Here’s what Salisbury means by “drive change at scale.” A vast majority of students at elite schools are already affluent. Mobility can only happen if they admit a massive number of poor kids. That is unlikely to happen anytime soon. Bloomberg’s billions, for instance, will enable Hopkins to raise its number of Pell Grant recipients from 15 percent to 20 percent by 2023. This comes out to roughly 66 students over five years.

Contrast this with Cerritos College, where approximately 13,000 of its 20,000 students live at or below the poverty line. “Two million dollars for us is transformative,” said president/superintendent Dr. Jose Fierro. “You can actually see the difference… it helps students who can’t pay the rent the next month to graduate.” “No disrespect to the Ivy League or other elite institutions,” Fierro tweeted, “but if you want your legacy to really matter, a community college bequest is the way to go.”

Gifts to such schools can bring rewards to donors, too. Earlier this year I spoke with musician, record producer, sculptor, and artist Herb Alpert. Alpert has given tens of millions of dollars to various organizations across the past 25 years. He told me that his $10.1 million donation to Los Angeles City College in 2016 generated more positive feedback than any of his previous gifts. “This was the biggest one,” he said. Alpert attributed the response to the fact that the gift “helps the average person. It helps people transition into a university. It was not a sexy gift, this was just helping the average Joe.”

Growing Demand for Vocational Skills

Support for community colleges and trade schools also makes a difference on the macroeconomic front in a nation that badly needs skilled workers. Today, a disproportionate amount of public funding—$150 billion and change—plus tens of billions in private donations flow to the roughly 20 percent of kids cycling through the four-year higher education system. Annual federal spending for the non-college vocational pathways, meanwhile, is a paltry $1 billion and private support is practically nonexistent. As a result, many industrial and technical fields are facing severe worker shortages. Looking ahead, writes The Atlantic’s Meg St-Esprit, “the manufacturing, infrastructure, and transportation fields are all expected to grow in the coming years—and many of those jobs likely won’t require a four-year degree.”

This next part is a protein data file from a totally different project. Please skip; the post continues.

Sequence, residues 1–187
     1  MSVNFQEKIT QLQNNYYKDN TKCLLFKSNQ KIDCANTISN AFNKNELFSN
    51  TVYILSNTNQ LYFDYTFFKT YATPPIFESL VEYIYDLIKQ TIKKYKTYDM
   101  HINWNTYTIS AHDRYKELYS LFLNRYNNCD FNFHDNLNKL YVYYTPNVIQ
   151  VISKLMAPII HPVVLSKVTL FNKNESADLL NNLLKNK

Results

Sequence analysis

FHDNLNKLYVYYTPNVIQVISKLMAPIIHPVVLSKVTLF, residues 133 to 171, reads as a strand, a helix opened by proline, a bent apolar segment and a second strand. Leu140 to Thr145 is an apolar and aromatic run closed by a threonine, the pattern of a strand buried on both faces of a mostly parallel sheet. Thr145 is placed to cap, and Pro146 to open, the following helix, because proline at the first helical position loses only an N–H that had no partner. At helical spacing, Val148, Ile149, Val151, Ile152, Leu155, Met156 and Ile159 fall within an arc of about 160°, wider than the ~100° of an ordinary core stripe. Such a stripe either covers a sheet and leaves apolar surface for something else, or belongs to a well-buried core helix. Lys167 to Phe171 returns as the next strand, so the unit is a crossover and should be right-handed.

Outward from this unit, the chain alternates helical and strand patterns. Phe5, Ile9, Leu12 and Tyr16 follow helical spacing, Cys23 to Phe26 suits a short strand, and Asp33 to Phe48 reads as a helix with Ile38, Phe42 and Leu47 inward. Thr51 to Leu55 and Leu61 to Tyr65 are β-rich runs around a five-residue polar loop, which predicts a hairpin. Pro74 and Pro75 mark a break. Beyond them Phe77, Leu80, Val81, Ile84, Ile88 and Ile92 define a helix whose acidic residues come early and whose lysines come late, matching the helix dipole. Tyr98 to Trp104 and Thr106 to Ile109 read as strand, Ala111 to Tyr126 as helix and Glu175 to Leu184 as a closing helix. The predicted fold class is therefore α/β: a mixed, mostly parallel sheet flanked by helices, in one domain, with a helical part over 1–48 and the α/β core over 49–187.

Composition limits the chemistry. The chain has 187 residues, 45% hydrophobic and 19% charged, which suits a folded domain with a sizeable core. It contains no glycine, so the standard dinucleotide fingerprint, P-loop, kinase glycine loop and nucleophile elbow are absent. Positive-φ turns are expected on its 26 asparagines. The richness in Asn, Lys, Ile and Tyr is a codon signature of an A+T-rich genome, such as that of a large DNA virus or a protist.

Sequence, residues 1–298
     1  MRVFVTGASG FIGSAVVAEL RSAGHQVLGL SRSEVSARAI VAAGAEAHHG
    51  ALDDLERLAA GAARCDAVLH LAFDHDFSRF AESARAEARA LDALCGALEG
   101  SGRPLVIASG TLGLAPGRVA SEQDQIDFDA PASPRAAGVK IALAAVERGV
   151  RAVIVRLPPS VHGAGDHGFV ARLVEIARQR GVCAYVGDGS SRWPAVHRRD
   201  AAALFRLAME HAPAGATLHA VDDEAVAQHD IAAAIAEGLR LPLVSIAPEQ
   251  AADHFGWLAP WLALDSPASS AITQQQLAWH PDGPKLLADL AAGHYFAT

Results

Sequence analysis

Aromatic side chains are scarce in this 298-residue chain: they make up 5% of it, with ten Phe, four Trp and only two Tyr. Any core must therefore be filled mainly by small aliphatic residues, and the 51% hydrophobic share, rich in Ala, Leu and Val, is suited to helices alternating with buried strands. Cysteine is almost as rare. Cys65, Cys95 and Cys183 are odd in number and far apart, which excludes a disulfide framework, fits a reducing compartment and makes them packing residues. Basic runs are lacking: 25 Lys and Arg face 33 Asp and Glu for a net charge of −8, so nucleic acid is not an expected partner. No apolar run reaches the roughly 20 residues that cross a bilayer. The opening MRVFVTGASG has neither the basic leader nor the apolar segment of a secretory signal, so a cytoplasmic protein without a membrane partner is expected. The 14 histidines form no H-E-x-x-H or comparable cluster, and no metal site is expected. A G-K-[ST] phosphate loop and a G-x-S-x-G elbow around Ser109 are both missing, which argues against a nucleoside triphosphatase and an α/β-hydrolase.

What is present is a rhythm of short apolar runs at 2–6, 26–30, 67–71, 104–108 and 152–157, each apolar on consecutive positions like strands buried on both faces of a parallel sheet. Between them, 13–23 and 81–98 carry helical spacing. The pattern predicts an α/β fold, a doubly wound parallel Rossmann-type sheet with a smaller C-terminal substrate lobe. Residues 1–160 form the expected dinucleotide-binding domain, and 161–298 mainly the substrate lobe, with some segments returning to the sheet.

In response, the state of California launched a $200 million initiative in 2017 to encourage more students to earn a vocational certificate through community colleges instead of a bachelor’s degree. And while we’re seeing comparatively less momentum on the philanthropy front, there are some bright spots, like Eric Smidt, the funder behind the Harbor Freight Tools for Schools initiative, who has been working to close what Danny Corwin, the executive director of Harbor Freight Tools for Teachers calls the “stigma gap.” “The general assumption,” Corwin says, “seems to be that these jobs are dirty and undesirable, but tradespeople themselves report being really fulfilled by their work, and on top of that, they’re well-paid.”

Cerritos College has offered woodworking courses for more than four decades. The program emphasizes hands-on training and real-world experience. “The job market for woodworking is very strong with careers that range from cabinet makers, furniture finishers, machine operators, and craft woodworking artists,” said Reuben Foat, chairman of the college’s Woodworking Manufacturing Technologies department. “Students who complete the program generally are incredibly satisfied working within this meaningful and gratifying vocation.” 

Explaining the Disconnect